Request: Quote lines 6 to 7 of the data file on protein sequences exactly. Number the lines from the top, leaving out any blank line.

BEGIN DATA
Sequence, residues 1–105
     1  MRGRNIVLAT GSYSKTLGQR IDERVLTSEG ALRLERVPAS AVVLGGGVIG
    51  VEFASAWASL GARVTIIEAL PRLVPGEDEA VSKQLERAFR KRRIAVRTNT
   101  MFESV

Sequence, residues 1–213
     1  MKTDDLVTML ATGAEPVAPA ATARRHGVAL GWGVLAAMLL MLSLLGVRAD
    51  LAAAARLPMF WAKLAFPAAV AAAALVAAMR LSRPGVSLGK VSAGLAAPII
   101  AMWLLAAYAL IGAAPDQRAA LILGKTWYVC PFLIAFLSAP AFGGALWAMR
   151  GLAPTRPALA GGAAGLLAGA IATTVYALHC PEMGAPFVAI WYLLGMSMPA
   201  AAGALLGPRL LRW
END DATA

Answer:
     1  MKTDDLVTML ATGAEPVAPA ATARRHGVAL GWGVLAAMLL MLSLLGVRAD
    51  LAAAARLPMF WAKLAFPAAV AAAALVAAMR LSRPGVSLGK VSAGLAAPII